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Sunday, May 11, 2014

What I Wasn't

Flash fiction: a story told in a few words.

By some accounts, the shortest story ever told was by Hemingway:

"For sale: baby shoes, never worn."

Six words is all it took. Six. I never get tired of rehashing all the possibilities, all the heartache and complexities that come along with selling baby shoes, never worn, via a Want Ad.

Recently, I submitted a story to a science fiction website, 365 Tomorrows. I had 600 words to tell a story. They ran it. It goes like this.

It started with a flash.
Like the Big Bang, an explosion that swallowed everything. The pain sunk deep into my head, and then was replaced with blurry colors. There were no edges to the blobs floating before a background of gray. The pinks and the browns and the silvers and the blues shifted in silence that was so deep and perfect, like floating in a pristine ocean.
And then the silence was gone, obliterated by the sounds of a tapping keyboard and a young man talking. His name was Ben. He just broke up with his girlfriend, said he was ready to spread his wings. You know, fly a little.
“What’s wrong with her left eye?” Madeline asked. 
She was the one making the keyboard rattle. A colorful blob merged into my line of sight and then—SNICK—my left eyelid slid up. More colors.
“Hand me the drops,” Ben said.
The drops were cold and slippery. They burned my eyes. I blinked the world into focus. Ben’s hair hung over his ears and he hadn’t shaved in days. His eyes were green, like the green of new growth. The white collar of his lab coat was pulled up.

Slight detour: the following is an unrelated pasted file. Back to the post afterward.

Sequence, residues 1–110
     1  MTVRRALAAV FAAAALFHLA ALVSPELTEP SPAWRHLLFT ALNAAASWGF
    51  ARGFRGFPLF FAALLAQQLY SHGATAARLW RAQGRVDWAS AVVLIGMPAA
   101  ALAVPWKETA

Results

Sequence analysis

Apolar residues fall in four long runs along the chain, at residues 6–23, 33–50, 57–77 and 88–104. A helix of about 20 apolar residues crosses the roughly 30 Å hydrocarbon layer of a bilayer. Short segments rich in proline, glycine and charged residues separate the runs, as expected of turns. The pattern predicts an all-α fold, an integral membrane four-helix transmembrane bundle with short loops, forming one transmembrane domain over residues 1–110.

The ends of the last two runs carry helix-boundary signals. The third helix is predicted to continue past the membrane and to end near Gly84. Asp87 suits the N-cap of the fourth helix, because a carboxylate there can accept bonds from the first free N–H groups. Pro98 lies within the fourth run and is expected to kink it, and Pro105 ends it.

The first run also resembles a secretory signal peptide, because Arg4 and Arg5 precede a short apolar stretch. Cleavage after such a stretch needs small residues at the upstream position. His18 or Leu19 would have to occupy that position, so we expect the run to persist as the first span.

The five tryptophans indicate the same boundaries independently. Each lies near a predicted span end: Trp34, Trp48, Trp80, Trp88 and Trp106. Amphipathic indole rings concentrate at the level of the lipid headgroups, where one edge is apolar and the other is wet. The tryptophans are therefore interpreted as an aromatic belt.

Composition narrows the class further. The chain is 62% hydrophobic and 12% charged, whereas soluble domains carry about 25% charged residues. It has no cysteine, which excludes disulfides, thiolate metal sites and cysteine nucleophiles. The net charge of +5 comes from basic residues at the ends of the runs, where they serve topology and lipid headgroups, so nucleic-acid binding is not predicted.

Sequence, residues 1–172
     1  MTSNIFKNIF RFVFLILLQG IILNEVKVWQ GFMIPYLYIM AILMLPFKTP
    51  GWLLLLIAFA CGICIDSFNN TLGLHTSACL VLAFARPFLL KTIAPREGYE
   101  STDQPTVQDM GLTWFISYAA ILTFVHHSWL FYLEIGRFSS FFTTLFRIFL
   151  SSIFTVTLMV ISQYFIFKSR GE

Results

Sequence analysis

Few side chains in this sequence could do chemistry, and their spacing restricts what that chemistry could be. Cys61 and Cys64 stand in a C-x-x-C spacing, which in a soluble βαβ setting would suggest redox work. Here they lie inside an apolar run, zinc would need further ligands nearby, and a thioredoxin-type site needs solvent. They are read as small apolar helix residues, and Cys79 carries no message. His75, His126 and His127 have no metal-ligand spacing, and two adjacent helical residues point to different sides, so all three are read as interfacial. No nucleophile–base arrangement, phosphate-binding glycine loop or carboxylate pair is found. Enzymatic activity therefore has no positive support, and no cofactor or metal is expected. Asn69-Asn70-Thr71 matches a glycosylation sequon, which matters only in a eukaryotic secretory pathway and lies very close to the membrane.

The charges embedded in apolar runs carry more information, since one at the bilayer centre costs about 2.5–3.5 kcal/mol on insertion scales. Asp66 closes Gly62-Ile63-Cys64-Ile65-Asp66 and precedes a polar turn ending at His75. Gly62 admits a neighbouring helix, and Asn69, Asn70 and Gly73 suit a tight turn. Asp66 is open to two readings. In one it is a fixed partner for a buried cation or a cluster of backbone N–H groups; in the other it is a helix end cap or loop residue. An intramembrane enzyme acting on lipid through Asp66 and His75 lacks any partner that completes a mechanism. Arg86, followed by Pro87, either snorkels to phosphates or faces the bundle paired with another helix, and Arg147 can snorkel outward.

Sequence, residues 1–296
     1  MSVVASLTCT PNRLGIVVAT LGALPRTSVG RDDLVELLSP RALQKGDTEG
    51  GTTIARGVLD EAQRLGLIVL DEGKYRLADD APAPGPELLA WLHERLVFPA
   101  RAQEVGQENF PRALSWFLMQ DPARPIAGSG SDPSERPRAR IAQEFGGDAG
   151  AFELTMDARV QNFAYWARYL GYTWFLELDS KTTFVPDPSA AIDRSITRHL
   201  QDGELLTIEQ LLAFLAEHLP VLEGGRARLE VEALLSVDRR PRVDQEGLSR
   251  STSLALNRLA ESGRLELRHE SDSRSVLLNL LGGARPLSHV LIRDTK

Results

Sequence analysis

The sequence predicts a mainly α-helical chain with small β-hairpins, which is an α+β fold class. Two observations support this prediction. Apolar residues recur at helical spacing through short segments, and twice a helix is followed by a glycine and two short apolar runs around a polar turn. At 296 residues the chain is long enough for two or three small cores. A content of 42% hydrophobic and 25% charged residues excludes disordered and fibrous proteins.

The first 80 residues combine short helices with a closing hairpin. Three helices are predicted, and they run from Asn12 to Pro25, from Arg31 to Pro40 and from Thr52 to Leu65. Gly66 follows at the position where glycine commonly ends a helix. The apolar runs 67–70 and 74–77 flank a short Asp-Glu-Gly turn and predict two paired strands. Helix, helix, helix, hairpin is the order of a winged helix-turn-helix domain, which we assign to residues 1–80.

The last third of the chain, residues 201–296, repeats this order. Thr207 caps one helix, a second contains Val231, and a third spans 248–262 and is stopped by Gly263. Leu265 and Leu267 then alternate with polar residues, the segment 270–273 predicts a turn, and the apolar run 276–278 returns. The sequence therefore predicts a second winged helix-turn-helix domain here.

He flashed a bright light in my left eye. “How’s that?” he asked. “Can you see me?”
He spoke like I was deaf or old. I was neither.
“Give me something. Sing a song, belch…something.”
“Stop badgering her,” Madeline said. “She’s not ready to talk.”
An argument ensued. I was left staring at a gray ceiling with an attached rail that encircled us with a heavy plastic curtain. I realized, not until that moment, that I couldn’t move. My body was like wet metal shavings, the table hard and cold. Madeline made the keyboard dance while Ben fiddled with a tray of medical tools.
That’s when the memories came.
I remembered Christmas and my dog and the time Simon brought flowers to work and sang and I blushed. I remembered all the little good things and the little bad things, how they hurt and how they pleased. That’s when I smiled.
“There,” Madeline said. “Give her the mirror.”
Ben stuck something in my hand. He lifted my naked arm, wrapping his hand around my dead fingers. I saw my red hair spread over my shoulders. My skin was fair and my eyes were green, like emeralds.
“Heather.” I watched my lips move. That was my name.
Madeline kept tapping the keyboard. Ben danced around the table and rubbed my hands and legs. The feeling came back with pins and needles. The sensations came in dense waves, as if my body had fallen asleep. Ben massaged my arms and shoulders and feet. I sank into the incoming tide of memories to escape the discomfort, each one a jewel that reminded me who I was.  
There was sledding and the time I learned to drive and a funeral and my first kiss. I remembered my life.
Ben was rushing to the other side when he slipped. Falling, he grabbed the curtain. The metal rings pinged as the plastic ripped away. We weren’t in a small room, not like I thought. I let my head roll to the side. I saw more tables like the one beneath me. On them were nude women with red hair spilled over their shoulders and fair skin. Their eyes were closed, but I knew they were green.
“Damn it, Ben.” The keyboard clattered at high speed.

And those sweet, sweet memories went away.

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